On the second critical factor - vaccination, the suspension of the AstraZeneca vaccine in a growing number of European countries (including Germany, France, and Italy) casts a dark cloud on renewed optimism. The suspension of the use of AstraZeneca vaccines have been implemented as a precautionary measure, despite the WHO's recommendation for vaccinations to continue, due to concerns about blood clotting side effects. In our opinion, if this situation lingers, it has the capacity to reshape the battle against the coronavirus pandemic, pushing back the timeline for reaching herd immunity/and vaccinating a large number of the global population. Key among our considerations are that the AstraZeneca vaccines have the largest manufacturing capacity among all the other approved alternatives, an alliance with COVAX program to supply underserved countries, and logistical/distribution advantages with respect to required storage temperature.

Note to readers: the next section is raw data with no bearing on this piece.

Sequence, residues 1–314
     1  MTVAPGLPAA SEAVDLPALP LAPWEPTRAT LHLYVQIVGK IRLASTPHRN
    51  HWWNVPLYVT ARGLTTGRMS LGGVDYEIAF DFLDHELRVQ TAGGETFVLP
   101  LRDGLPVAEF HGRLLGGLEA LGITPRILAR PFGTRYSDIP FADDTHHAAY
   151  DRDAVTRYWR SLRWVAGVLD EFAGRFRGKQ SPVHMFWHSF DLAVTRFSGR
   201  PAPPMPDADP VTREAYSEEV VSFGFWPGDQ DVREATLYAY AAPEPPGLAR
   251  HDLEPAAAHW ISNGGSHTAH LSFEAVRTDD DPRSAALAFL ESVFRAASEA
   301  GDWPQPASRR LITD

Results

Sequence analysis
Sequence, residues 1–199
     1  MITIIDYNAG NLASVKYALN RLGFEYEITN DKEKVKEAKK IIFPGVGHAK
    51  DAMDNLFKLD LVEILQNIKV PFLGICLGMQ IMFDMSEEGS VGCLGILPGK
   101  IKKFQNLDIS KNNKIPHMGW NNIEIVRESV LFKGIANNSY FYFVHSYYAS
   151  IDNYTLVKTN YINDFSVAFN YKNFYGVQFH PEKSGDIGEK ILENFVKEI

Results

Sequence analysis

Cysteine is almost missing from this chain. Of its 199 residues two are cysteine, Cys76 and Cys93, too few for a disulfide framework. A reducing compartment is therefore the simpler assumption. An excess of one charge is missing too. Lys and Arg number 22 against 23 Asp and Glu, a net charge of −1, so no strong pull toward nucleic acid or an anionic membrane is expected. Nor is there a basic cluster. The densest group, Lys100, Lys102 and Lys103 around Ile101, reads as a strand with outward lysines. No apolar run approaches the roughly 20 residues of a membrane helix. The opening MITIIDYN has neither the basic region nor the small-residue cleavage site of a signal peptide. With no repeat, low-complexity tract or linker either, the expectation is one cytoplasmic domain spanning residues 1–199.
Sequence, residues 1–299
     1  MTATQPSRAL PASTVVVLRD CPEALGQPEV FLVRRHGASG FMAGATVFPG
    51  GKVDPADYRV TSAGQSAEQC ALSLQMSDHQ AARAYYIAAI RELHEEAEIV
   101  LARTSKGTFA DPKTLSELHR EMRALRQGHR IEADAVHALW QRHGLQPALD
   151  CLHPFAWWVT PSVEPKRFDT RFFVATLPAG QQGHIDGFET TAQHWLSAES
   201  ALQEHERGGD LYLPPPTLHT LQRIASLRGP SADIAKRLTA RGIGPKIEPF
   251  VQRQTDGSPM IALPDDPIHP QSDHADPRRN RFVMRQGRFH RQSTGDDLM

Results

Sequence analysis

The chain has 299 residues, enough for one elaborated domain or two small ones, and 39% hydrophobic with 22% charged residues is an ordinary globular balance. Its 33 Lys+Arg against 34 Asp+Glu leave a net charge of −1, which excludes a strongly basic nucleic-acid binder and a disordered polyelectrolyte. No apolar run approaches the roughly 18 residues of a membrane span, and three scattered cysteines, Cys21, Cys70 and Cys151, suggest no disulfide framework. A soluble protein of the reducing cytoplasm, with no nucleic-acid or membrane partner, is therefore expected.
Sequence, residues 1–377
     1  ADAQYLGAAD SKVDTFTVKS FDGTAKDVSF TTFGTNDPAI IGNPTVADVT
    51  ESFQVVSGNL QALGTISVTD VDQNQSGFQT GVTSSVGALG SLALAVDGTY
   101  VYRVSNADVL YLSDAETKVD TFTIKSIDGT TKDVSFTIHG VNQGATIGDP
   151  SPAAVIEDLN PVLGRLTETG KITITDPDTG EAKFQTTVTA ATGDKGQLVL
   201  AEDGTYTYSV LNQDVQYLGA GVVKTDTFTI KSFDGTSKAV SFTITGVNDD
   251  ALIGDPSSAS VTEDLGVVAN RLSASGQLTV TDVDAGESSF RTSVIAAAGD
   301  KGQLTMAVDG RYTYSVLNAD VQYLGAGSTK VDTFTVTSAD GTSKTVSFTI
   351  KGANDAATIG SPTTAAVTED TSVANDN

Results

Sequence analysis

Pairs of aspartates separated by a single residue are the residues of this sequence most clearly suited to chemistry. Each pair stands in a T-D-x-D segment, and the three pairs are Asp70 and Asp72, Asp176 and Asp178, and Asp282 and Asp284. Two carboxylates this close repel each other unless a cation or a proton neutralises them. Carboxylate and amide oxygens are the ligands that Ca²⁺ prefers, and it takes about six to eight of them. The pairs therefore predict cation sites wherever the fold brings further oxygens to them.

We expect the Monetary Policy Committee to fully consider these developments before reaching its decision.
Recent Oil Price Rally to Boost FX Reserves
In March, OPEC revised its expectation for global oil demand in 2021 from 96.05mbpd to 96.27mbpd, with improved demand for transportation and industrial fuels, a steady rollout of vaccines and expectations of a ramp up in vaccination in the second half of the year as major tailwinds. This revised outlook comes as an improvement to an underwhelming 2020 where demand declined to 90.39mbpd following the COVID-19 scourge which saw many economies go into lockdowns. On the supply side, OPEC+ decision to maintain supply cut at 7.2mbpd in March, spurred a rally in oil prices to around USD69 per barrel. We note that the cartel's decision to retain production cuts implies Nigeria would continue to have lower production volumes - having achieved about 1.78mbpd in February 2021, compared to 2.07mbpd in Q1:2020 (prior to April's drastic supply cut).
Although we observe that the country's FX reserves have been on a downward trend for most of the year, we expect that a steady rise in crude oil prices and the gradual pick up of the global economy would eventually support FX accretion.